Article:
Thursday, January 07, 2010

IFD Will Do Veolia's Job

Recognizing the crisis situation Veolia's incompetence has handed his fire department, Indianapolis Fire Department Chief Brian Sanford has ordered Indianapolis firefighters to inspect all fire hydrants in the areas covered by their fire houses. "Even though it's not our responsibility, we're going to assist because it's in our best interest -- and in the best interest of public safety -- to help," Sanford said. Sanford told the Star' Vic Ryckaert that the problem with frozen and inoperable fire hydrants is the worst he's seen in decades with the department. Firefighters have encountered seven inoperable fire hydrants during three fires this week. It is incredible that these steps have to be taken when you consider how much taxpayers are paying Veolia to run the water utility. It is the largest such contract in the United States and the company has been paid tens of millions in bonus payments by the city to boot.

11 comments:

Downtown Indy said...

They should mark the hydrants with the inspection date and perhaps even put a dab of paint across the valve to reveal whether the hydrant was opened since it was last inspected.

Paul K. Ogden said...

This is yet another example of public officials not enforcing privatization contracts. Undoubtedly there is a provision in the contract saying Veolia is susposed to check these fire hydrants. Now is the administration going to bill Veolia for having firefighers, who are city employees, go out and check hydrants for a private company?

Downtown Indy said...

Do you suppose there's a penalty clause for failure to perform? Nah, probably not.

Southsider said...

"go out and check hydrants for a private company?".......Of course this is covered under the current Firefighters contract?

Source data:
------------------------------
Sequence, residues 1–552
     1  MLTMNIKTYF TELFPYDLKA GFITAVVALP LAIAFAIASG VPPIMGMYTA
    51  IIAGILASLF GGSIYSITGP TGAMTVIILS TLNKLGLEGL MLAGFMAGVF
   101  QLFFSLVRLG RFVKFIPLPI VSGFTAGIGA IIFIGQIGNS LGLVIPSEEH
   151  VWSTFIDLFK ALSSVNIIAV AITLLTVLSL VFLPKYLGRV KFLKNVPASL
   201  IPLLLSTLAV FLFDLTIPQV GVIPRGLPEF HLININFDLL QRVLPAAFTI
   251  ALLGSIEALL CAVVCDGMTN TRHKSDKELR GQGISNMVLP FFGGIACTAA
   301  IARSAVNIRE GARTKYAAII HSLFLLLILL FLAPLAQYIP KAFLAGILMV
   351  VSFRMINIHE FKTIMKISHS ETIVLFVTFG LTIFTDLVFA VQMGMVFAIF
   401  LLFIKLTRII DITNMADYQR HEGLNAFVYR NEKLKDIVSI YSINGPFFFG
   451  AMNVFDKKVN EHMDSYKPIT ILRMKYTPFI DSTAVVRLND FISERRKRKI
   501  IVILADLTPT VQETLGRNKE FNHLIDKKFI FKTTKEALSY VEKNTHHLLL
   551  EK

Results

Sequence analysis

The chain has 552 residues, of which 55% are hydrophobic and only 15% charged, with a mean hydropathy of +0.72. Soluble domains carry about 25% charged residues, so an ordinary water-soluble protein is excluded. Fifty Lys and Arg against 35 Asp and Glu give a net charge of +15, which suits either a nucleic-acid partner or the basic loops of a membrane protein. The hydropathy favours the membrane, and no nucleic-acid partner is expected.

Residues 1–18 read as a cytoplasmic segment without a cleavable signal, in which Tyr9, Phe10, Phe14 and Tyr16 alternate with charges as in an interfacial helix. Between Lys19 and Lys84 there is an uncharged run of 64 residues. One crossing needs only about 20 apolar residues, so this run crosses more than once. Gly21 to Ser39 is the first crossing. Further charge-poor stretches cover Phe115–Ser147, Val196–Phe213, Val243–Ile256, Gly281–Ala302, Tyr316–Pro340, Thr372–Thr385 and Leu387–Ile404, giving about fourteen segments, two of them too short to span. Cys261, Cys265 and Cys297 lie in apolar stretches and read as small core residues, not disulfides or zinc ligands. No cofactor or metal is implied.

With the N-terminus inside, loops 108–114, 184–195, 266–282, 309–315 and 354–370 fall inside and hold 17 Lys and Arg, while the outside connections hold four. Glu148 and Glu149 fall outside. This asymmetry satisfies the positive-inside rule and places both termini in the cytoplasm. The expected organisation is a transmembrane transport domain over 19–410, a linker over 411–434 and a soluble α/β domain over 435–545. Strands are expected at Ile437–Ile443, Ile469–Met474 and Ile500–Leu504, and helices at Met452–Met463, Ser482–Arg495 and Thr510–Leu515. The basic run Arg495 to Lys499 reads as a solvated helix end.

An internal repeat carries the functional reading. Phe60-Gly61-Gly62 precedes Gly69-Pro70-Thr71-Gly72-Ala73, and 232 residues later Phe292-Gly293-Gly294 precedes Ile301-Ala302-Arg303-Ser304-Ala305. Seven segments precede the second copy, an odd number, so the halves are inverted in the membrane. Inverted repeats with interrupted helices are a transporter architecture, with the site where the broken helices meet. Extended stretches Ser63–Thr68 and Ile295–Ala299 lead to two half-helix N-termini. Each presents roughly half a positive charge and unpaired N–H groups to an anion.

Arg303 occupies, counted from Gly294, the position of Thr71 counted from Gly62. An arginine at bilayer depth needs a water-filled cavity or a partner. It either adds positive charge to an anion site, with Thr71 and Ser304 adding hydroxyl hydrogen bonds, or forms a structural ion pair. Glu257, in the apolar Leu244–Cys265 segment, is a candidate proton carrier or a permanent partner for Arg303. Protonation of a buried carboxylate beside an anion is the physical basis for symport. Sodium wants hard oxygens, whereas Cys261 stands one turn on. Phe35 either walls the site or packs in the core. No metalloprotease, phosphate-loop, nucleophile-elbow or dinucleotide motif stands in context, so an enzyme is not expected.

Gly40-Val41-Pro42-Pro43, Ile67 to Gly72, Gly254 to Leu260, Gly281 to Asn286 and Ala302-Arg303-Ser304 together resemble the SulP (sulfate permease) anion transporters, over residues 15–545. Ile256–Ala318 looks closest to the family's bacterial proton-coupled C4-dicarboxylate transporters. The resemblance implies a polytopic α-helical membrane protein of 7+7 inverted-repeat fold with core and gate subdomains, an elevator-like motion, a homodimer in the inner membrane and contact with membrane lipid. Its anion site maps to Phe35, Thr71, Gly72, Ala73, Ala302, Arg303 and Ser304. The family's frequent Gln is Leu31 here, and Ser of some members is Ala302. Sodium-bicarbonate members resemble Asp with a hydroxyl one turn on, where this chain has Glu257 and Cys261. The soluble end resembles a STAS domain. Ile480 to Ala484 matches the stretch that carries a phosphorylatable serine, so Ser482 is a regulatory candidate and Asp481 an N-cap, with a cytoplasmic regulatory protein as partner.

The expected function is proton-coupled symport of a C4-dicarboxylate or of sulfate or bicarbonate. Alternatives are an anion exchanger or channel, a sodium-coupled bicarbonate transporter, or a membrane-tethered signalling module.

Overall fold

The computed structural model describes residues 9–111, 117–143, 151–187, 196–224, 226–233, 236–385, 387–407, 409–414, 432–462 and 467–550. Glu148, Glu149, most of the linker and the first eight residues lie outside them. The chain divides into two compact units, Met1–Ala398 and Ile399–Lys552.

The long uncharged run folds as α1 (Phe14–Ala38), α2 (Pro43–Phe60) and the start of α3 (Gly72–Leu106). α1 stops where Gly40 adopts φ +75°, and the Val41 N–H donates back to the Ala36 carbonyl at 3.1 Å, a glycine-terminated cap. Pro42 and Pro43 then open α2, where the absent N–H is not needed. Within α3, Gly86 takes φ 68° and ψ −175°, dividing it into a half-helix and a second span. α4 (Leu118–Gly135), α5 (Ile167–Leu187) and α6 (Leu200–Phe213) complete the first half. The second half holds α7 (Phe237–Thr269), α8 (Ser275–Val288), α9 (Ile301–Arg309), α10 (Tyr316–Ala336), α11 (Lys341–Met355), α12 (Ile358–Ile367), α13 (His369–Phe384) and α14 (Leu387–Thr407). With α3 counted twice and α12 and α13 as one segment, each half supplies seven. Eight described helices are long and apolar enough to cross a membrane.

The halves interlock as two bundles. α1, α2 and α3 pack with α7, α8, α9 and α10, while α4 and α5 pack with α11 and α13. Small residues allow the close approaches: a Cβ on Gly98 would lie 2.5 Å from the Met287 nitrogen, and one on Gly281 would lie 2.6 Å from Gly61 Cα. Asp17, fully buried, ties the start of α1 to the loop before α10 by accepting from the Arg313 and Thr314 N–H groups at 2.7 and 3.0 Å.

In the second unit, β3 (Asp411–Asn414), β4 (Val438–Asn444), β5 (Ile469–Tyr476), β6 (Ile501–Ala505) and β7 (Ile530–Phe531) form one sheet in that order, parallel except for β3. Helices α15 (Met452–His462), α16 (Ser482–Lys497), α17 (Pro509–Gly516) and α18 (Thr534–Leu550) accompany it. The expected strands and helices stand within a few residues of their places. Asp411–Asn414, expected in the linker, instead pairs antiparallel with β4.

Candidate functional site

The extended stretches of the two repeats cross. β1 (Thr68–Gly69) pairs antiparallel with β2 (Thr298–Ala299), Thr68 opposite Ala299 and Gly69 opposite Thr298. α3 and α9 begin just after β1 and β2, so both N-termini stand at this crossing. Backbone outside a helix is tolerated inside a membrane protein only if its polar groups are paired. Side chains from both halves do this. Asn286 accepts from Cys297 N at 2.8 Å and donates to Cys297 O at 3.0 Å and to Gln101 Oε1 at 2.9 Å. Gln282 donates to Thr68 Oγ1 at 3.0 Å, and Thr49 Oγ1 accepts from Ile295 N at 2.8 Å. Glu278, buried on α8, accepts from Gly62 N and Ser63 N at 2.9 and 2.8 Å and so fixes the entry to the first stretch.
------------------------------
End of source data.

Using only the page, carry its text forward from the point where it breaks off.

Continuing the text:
Flipper said...

Southsider,
As a retired IFD firefighter we take an oath to protect lives and property. Our goal is to save lives of citizens along with fellow firefighters. We will do anything necessary even if it means checking hydrants. Our local union which is safety driven is on board with this issue.

Sean Shepard said...

As Paul suggested (I just read through the comments before clicking submit on this) ...

I would question if any opportunity to have Veolia pay for the inspections or otherwise reimburse IFD were passed up?

If it is, contractually, Veolia's job and IFD is doing the contract work they should not be doing it for free.

One would also question, if there is some inspection interval or other reasonable expectation that wasn't fulfilled, if Veolia is liable in any way for the increased damages caused by the inability of IFD to find properly functioning hydrants?

Paul K. Ogden said...

By the way, Veolia's attorney is Barnes & Thornburg. So I'm pretty sure the company has "safeguards" in place in the administration and on the council to make sure they are never fined for not complying with their contracts.

HOOSIERS FOR FAIR TAX said...

Paul, thanks for filling us in on the conveniences that Veolia enjoys with the Ballard administration courtesy of B&T.

Wrong Number... said...

This is all just crazy. IFD is not "inspecting" hydrants. They're doing the old drive-by. "Yep, that's a fire hydrant."

The last thing anybody wants is IFD opening up any more fire hydrants (and risk breaking them as they've done so far this winter).

By early February 2003, there were 179 frozen fire hydrants reported. There are four this year. Not so bad I'd say.

IndyDem said...

Going forward from here is great. But what about the sevearl buildings and homes that have burned down because they coudlnt get water? I'd think about getting a law suit against who ever was supposed to make sure those hydrants were tested.

Marycatherine Barton said...

Veolia, Veolia, Veolia. How could you let so many fire hydrants freeze, resulting in frantic fear and substantial damage to unsuspecting neighborhoods. Shame on you, and shame on us for not better monitoring you.